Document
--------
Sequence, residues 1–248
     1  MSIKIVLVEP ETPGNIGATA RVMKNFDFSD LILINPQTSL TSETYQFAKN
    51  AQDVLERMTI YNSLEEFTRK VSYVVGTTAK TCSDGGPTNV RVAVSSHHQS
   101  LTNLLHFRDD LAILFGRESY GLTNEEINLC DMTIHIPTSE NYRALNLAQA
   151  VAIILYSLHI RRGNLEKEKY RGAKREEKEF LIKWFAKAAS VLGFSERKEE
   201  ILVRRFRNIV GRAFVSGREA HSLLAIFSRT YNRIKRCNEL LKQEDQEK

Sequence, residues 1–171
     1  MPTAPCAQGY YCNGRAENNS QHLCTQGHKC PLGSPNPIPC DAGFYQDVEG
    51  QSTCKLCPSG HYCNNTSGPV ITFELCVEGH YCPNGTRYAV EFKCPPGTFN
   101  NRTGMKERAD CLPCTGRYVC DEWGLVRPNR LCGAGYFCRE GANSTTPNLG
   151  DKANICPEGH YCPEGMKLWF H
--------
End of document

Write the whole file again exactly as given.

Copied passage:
Sequence, residues 1–248
     1  MSIKIVLVEP ETPGNIGATA RVMKNFDFSD LILINPQTSL TSETYQFAKN
    51  AQDVLERMTI YNSLEEFTRK VSYVVGTTAK TCSDGGPTNV RVAVSSHHQS
   101  LTNLLHFRDD LAILFGRESY GLTNEEINLC DMTIHIPTSE NYRALNLAQA
   151  VAIILYSLHI RRGNLEKEKY RGAKREEKEF LIKWFAKAAS VLGFSERKEE
   201  ILVRRFRNIV GRAFVSGREA HSLLAIFSRT YNRIKRCNEL LKQEDQEK

Sequence, residues 1–171
     1  MPTAPCAQGY YCNGRAENNS QHLCTQGHKC PLGSPNPIPC DAGFYQDVEG
    51  QSTCKLCPSG HYCNNTSGPV ITFELCVEGH YCPNGTRYAV EFKCPPGTFN
   101  NRTGMKERAD CLPCTGRYVC DEWGLVRPNR LCGAGYFCRE GANSTTPNLG
   151  DKANICPEGH YCPEGMKLWF H